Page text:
HARRISON, WILLIAM (1847-1923)
HARRISON, WILLIAM, Methodist minister, Newcastle circuit, 1912-16; b. Kirkby Stephen, England, 10 Dec 1847 (bap. 5 Jan 1848), s/o Thomas Harrison and Mary Burnskill; m. 1878, Carrie E. McDonald, of Eastport, Me; d. Moncton, 31 Jan 1923.
William Harrison was a railway telegrapher in England and a licensed local Methodist preacher. He was one of twelve young men from Britain who landed in Halifax in October 1871 with a desire to be accepted into the ministry of the Methodist church. The twelve also included Robert S. Crisp, G. Wells Fisher, and Thomas Marshall.
After a four-year probation Harrison was ordained in 1875 and spent the next forty-four years in his chosen field. He served mostly in New Brunswick, but he was based at Cornwall, P.E.I., prior to accepting appointment to the Newcastle circuit in 1912, and when he left Newcastle four years later he went to Charlottetown. He retired in Moncton in 1919.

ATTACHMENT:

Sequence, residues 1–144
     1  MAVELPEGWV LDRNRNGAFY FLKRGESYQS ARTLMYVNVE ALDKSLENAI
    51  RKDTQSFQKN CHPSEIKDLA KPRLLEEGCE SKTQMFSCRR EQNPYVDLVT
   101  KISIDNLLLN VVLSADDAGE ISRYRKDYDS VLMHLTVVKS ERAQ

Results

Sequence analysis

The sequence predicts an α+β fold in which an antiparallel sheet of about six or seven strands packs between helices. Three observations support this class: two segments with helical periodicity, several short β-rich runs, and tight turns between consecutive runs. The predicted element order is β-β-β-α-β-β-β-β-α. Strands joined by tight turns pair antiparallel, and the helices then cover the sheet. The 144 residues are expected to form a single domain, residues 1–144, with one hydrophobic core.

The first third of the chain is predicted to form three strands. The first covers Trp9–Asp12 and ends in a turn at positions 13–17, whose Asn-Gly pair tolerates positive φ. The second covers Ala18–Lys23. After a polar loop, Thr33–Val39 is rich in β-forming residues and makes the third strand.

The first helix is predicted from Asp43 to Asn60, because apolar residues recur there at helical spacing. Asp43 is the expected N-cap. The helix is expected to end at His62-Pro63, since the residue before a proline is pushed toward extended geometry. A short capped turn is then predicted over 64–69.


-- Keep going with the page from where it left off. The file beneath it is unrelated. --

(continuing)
Harrison was a member of the board of regents of Mount Allison University, which conferred an honorary DD on him in 1912. "He was a good preacher," stated the Daily Telegraph, and "a faithful pastor, but a writing desk was his throne." He possessed "a fine literary mind" and had a good many articles published in the leading Methodist journals of Canada, the United States, and Britain. He also wrote for the secular press, including the Moncton Transcript and other papers, on the economic, political, and social questions of the day. He was survived in 1923 by his wife, Carrie E. McDonald, a son, and a daughter.
[b] annual 1923 [bap] LDS-IGI [m] PPMP [d] official records / Advocate 31 May 1916; Cornish; Leader 9 Feb 1923; Telegraph 11 Dec 1920, 10 Feb 1923; Walkington